Chan Choi Kee
Arguably the best known eatery in the Queen Street Cooked Food Market in Sheung Wan is ABC Kitchen, with its succulent roast suckling pig, paella and pavlova, prepared and served by exemployees of the now-closed M at the Fringe. But right across is Chan Choi Kee, which has been in this spot for 10 years.
The no-frills restaurant is open all day, serving breakfast, lunch, afternoon tea and dinner. It is particularly bustling in the evenings. The menu is as flexible as the hours, offering everything from toasted egg sandwiches to lamb stews.
When diners sit down, they are invited to sterilise their cups, bowls, plates and chopsticks with hot tea. Once that’s done, order a beer or two, like Erdinger or Tsing Tao. Although the restaurant has English menus, not everything is translated.
One of the signature dishes is the crisp golden fried squid with spicy salt and chilli that arrives in a basket decorated with a doily. The squid is cooked perfectly and the oil must be changed frequently, as you can tell from the light golden colour and fresh taste. Another seafood favourite is the stirfried clams with black bean sauce, the plump clams soaking up the delicious sauce that’s flavoured with chopped green peppers. If razor clams are available, try them.
What to order: Chan Choi Kee does steamed scallops in the shell well. The large scallops are covered in vermicelli and topped with heaps of minced garlic and finished with spring onions.
For poultry, a solid dish is the roasted chicken with fermented bean curd, which has tender, flavourful meat and crisp skin. BC
Chan Choi Kee, Shop CF1-3, 1/F Queen Street Cooked Food Market, 38 Des Voeux Road West, Sheung Wan, tel: 2548 0407, chanchoikee.com (in Chinese)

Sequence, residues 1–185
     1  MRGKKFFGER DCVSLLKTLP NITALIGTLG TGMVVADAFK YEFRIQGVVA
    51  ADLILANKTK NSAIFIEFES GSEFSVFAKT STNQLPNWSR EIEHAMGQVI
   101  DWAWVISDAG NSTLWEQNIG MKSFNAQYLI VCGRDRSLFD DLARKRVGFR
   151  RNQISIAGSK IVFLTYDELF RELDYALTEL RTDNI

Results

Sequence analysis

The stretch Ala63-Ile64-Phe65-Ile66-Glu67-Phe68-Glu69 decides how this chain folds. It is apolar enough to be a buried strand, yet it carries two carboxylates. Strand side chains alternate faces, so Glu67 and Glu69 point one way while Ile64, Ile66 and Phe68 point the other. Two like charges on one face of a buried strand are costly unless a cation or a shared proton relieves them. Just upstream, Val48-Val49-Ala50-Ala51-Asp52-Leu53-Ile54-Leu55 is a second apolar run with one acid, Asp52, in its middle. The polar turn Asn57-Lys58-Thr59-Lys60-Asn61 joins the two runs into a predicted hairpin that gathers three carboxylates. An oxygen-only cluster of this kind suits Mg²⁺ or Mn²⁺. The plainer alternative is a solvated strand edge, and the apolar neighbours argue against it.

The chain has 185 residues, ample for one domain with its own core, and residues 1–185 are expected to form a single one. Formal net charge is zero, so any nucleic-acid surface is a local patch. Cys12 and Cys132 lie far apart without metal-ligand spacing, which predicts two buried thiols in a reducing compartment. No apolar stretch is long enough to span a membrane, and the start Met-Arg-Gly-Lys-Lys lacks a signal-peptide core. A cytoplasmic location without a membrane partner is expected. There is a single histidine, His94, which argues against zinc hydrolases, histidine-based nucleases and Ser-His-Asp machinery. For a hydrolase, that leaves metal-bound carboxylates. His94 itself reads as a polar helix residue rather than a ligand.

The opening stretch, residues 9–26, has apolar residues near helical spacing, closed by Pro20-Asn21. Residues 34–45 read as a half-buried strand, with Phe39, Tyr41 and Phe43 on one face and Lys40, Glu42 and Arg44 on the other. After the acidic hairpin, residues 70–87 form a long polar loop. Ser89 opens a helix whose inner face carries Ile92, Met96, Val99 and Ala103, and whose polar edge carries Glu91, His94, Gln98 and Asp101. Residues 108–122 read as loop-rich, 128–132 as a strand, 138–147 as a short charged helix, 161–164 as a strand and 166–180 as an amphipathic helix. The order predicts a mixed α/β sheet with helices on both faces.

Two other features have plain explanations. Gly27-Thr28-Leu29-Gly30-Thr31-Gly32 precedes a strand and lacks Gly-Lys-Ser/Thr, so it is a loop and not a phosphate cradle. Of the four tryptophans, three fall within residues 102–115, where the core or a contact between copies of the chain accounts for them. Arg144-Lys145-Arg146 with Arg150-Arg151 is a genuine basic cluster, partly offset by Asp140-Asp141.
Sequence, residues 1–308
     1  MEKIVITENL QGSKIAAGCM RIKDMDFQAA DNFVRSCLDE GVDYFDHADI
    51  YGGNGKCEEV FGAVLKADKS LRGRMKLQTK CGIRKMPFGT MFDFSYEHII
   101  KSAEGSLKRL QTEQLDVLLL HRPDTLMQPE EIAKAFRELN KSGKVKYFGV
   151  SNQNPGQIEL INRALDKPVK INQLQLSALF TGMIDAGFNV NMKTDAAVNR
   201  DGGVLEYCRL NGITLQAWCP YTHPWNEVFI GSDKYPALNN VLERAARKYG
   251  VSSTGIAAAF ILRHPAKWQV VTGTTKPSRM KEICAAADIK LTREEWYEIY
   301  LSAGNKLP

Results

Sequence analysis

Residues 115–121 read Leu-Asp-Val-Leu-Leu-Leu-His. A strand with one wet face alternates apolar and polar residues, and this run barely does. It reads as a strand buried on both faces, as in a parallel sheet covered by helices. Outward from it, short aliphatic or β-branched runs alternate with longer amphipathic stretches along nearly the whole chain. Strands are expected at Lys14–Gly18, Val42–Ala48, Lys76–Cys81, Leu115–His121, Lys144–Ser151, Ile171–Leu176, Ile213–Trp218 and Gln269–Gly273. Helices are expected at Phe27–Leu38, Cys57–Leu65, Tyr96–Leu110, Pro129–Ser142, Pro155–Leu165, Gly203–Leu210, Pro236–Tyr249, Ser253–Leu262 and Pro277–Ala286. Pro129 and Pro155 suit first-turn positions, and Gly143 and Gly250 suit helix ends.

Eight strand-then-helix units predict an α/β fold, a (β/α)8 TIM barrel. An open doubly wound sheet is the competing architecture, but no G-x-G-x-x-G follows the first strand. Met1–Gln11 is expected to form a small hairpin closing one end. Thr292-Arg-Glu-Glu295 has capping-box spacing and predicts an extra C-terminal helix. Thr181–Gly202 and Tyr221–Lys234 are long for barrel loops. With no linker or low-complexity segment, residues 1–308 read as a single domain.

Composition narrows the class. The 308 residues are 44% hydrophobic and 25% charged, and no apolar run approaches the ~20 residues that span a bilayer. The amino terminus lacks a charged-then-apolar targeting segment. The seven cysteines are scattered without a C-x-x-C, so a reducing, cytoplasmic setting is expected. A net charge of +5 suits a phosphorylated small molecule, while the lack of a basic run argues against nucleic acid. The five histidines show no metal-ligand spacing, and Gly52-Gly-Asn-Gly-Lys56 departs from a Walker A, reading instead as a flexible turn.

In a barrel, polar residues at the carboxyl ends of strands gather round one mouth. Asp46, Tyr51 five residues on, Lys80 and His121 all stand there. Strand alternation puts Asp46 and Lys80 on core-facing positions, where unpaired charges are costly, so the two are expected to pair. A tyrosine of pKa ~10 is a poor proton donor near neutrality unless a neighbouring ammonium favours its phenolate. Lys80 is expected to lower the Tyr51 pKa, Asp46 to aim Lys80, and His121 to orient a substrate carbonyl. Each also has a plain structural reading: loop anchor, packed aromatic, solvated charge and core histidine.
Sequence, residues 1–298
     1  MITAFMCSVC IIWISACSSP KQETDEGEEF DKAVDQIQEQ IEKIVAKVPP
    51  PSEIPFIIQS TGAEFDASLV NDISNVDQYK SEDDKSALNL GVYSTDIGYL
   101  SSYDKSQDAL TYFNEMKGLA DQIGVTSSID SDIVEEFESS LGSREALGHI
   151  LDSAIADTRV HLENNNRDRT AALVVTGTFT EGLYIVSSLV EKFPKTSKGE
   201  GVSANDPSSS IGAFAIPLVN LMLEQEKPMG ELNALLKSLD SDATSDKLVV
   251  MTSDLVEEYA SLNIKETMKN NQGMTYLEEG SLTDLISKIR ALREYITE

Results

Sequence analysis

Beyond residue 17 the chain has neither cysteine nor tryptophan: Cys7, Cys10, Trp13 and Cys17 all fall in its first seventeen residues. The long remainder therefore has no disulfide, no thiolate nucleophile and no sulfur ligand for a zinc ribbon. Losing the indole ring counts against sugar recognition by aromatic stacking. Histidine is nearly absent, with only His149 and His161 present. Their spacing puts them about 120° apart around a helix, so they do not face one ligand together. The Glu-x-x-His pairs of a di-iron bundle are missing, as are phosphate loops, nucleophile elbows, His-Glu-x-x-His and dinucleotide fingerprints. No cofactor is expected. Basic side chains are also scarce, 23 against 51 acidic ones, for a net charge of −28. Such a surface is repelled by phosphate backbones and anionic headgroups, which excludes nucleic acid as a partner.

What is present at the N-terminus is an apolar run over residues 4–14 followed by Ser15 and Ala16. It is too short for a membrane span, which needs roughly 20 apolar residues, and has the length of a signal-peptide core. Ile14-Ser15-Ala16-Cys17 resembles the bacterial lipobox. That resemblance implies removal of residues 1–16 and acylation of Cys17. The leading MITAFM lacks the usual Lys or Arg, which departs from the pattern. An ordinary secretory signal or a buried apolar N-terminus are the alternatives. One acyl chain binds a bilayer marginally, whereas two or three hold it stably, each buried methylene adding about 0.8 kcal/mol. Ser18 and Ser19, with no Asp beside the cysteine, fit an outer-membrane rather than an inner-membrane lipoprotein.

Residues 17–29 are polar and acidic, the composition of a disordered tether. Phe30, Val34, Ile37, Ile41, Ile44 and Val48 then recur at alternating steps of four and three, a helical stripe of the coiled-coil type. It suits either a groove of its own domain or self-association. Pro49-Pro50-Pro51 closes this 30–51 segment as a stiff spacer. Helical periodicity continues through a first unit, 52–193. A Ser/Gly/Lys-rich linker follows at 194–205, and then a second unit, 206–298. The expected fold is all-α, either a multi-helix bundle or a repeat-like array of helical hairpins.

Tung Kee Shanghainese Noodles
Thanks to former chef and television personality Anthony Bourdain, who featured its homemade bamboo pole-kneaded noodles in his No Reservations programme, Ping Kee is probably the most sought-after stall among the 40 choices available at the Tai Po Hui Cooked Food Centre.
But if their bouncy ha ji mien (dry duck egg noodles with shrimp roe and lard) and wontons, can’t quite satisfy your cravings for meat, the deep-fried goodies at Tung Kee Shanghainese Noodles, just around the corner, are what you should go for.
The whole over-sized pork chop craze was started by a dai pai dong operated by the Chan family near the old Tai Po Market.
But the two brothers ran into a disagreement and opened their own stalls, Sai Kee and Tung Kee, opposite each other in the Tai Po Hui Cooked Food Centre.
While they each have their own followers, Tung Kee’s formula seems to have attracted more buzz – at least on the internet – over the years.
The large, bone-in pork chop, cut into bite-sized pieces after being deep-fried, has the right thickness and texture, thanks to the massage and pounding it receives, rather than the baking soda treatment used elsewhere to (over-) tenderise their meat with less time and effort. The thinly battered pork chop we sampled is flavourful although a bit soggy. However, the slightly scorched chicken wings with crispy skin made our day.
Some points to note while eating here: they serve salted bamboo shoot as one of the condiments to go with the noodles.
The smell, for those who don’t like it, can be overwhelming. And although they don’t sell beverages, it’s easy to get some from the many stalls nearby which also frequently send their staff roaming around the cooked food centre taking orders.
What to order: Pair the pork chop or chicken wings with their signature zhajiang (minced pork in fermented soy bean paste) over thick, white Shanghainese noodles. VY
Tung Kee Shanghainese Noodles, Shop CFS27, 2/F Tai Po Market Complex, Heung Sze Wui Street, Tai Po